Show Summary Details

Page of

Printed from Oxford Classical Dictionary. Under the terms of the licence agreement, an individual user may print out a single article for personal use (for details see Privacy Policy and Legal Notice).

date: 07 December 2022



  • Michael L. Thomas


Villa was the Latin word for a rural dwelling associated with an estate, and villas ranged in character from functional farmhouses to luxurious country seats for the élite (Varro, Rust. 1.11.1–1.12.4; 3.2.1–18).1 Most of the literary evidence for villas relates to Italy and primarily describes farms run for the benefit of urban-based proprietors (e.g., Vitr. De arch. 6.6.1), though the most opulent seaside villas of the Roman aristocracy were sometimes built solely for pleasure. Aristocratic enjoyment of rural retreats and pride in creating architectural splendours there are well attested (e.g., Plin. Ep. 2.17), but the classic Italian villa, comprising not only a luxurious dwelling for the use of the owner on visits to the estate (pars urbana) but also working farm buildings (pars rustica) and storage buildings and barns (pars fructuaria), is perfectly illustrated by the excavations at Settefinestre, which have uncovered an aristocratic domus (mansion), baths, slave quarters, wine and olive presses, a piggery, a substantial granary, and formal gardens (cf.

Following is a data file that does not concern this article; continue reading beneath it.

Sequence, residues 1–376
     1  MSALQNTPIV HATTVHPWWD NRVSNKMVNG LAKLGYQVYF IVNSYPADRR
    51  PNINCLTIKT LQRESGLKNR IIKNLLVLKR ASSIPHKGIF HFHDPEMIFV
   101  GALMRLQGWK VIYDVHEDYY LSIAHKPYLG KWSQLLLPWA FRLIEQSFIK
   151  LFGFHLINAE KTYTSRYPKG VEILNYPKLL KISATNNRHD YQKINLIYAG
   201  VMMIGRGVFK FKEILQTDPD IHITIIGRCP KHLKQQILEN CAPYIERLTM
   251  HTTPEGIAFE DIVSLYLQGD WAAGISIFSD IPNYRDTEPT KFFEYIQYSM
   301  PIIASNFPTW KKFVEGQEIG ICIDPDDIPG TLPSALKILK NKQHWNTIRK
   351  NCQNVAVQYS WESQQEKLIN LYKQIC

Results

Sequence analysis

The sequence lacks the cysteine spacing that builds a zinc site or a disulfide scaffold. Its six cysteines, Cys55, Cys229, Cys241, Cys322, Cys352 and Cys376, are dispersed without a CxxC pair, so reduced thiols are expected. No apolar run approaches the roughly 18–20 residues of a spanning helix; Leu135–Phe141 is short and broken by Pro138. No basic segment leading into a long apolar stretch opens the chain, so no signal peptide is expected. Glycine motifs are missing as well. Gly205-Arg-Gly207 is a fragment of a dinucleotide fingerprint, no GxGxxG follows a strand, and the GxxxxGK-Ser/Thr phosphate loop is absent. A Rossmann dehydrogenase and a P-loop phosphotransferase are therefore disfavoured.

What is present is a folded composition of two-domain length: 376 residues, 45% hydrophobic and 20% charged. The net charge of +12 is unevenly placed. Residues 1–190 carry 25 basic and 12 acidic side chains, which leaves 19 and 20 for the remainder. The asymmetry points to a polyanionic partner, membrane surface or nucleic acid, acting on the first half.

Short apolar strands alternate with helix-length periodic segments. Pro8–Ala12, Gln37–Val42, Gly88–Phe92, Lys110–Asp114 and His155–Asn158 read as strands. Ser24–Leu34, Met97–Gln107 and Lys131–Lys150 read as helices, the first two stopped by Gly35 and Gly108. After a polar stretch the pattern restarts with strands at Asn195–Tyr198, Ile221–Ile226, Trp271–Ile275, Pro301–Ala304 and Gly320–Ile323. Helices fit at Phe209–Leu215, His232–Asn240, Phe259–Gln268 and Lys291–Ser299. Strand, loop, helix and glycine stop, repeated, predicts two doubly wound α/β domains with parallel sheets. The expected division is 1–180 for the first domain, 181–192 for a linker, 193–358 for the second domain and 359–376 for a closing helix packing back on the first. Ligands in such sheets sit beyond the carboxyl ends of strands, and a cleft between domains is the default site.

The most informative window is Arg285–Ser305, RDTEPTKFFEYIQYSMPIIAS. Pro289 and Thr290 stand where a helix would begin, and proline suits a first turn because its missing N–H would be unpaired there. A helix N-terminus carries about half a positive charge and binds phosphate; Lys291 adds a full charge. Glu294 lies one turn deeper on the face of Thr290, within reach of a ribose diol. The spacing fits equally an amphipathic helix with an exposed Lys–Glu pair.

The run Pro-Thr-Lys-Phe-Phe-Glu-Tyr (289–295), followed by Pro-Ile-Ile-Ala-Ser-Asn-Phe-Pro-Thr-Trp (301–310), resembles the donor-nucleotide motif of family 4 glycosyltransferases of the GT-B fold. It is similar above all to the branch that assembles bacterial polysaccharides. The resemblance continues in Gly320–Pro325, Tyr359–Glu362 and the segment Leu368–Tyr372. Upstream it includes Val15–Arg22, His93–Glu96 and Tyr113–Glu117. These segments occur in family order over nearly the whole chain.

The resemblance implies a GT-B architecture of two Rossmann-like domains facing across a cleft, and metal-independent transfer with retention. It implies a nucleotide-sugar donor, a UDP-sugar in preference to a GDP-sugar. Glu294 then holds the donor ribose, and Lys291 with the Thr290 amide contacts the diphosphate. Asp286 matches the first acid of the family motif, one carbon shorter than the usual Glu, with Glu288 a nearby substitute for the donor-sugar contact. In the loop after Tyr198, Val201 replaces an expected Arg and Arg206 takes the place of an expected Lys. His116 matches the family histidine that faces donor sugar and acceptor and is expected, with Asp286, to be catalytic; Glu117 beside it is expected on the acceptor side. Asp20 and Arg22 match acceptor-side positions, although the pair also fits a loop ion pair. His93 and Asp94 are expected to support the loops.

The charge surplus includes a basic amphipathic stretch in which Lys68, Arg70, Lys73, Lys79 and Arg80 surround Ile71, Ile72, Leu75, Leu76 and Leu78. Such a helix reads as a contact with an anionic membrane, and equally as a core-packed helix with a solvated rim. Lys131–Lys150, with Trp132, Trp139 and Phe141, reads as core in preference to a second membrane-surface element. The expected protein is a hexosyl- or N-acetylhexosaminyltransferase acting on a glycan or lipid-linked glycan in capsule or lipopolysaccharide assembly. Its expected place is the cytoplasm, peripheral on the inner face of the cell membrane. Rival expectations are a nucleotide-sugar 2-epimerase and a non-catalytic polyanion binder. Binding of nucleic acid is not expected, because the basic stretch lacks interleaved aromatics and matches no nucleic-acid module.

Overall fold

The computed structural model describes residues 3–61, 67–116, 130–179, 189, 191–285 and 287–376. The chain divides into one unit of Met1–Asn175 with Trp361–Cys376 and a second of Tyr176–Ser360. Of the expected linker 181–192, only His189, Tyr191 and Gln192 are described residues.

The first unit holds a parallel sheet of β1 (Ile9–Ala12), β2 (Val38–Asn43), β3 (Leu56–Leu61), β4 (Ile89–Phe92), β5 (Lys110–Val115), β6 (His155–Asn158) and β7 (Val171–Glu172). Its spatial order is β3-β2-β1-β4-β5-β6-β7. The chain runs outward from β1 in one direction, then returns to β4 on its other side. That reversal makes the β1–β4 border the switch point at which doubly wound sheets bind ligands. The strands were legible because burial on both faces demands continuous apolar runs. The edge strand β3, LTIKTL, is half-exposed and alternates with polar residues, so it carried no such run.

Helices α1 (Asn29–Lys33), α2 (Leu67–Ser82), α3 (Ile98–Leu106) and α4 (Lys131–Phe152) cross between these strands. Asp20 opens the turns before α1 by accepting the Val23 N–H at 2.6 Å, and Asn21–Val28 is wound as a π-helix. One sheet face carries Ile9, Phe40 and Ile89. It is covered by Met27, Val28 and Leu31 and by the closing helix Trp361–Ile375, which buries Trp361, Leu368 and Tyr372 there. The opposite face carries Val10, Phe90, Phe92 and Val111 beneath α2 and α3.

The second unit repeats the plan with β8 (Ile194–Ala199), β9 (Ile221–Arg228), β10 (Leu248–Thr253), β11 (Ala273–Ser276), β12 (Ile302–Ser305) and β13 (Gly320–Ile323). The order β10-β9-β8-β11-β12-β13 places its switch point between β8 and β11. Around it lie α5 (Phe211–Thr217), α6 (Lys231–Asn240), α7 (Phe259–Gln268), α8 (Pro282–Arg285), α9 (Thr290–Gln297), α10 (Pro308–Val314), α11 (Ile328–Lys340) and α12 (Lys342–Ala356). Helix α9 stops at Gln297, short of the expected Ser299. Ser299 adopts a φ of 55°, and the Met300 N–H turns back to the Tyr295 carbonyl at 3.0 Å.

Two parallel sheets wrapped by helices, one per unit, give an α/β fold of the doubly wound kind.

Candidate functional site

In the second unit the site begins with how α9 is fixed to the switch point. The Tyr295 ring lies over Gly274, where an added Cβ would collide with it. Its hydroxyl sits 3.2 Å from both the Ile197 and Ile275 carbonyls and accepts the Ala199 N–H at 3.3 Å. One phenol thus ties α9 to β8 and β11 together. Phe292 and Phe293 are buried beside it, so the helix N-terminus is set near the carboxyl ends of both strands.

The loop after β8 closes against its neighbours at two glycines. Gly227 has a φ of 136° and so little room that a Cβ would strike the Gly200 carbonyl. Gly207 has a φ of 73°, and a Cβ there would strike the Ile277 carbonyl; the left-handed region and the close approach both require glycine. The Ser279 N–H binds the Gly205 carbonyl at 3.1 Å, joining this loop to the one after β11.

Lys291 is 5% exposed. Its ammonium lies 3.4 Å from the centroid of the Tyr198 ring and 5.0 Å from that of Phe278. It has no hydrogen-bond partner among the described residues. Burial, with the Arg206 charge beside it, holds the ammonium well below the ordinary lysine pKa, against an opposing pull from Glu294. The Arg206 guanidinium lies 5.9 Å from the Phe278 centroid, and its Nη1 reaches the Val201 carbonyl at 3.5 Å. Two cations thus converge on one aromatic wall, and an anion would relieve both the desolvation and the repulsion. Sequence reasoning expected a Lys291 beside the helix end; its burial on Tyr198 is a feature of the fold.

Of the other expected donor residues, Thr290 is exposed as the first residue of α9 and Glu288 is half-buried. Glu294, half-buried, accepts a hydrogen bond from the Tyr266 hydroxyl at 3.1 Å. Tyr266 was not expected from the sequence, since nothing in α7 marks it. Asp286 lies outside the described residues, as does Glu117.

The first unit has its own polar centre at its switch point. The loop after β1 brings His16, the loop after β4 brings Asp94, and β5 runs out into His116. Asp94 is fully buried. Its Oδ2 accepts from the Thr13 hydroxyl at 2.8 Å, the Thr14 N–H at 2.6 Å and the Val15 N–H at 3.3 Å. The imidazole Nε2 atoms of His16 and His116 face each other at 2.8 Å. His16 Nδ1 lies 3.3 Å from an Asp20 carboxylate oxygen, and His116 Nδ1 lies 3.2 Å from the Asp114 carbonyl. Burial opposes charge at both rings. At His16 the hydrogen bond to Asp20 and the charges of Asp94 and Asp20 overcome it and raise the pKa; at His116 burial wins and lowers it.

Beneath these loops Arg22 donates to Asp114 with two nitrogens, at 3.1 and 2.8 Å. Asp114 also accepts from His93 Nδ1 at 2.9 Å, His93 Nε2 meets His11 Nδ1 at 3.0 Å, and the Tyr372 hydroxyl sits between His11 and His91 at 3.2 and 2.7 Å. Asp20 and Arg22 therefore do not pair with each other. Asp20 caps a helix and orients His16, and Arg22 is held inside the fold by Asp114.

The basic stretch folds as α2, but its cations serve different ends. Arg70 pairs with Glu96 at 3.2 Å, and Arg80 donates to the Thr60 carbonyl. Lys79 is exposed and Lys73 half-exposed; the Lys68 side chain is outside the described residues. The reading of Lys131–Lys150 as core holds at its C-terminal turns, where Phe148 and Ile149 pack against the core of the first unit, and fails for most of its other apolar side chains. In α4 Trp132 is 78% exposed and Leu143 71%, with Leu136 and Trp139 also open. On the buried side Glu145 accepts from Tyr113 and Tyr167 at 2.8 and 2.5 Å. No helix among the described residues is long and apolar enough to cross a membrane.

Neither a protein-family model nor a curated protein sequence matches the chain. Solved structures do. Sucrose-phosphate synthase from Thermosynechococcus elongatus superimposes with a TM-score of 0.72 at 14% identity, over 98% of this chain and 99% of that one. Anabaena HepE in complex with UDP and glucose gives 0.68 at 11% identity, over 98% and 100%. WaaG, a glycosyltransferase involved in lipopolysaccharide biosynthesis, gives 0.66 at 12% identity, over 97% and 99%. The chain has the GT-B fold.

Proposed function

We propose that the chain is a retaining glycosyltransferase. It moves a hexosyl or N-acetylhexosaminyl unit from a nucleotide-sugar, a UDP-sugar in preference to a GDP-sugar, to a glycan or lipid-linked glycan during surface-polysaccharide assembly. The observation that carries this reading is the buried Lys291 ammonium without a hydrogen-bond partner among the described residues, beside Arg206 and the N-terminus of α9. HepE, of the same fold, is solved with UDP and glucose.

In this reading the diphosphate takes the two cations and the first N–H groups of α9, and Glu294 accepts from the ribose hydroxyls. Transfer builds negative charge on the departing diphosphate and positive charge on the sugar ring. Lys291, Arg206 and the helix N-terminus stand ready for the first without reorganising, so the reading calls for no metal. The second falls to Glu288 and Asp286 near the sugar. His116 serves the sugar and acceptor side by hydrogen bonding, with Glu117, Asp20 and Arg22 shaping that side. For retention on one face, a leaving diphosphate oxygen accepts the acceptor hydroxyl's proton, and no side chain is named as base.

• Ancient Economy
  • Roman Material Culture

Updated in this version

Article rewritten to reflect current scholarship. Digital materials and images added.

You do not currently have access to this article


Please login to access the full content.


Access to the full content requires a subscription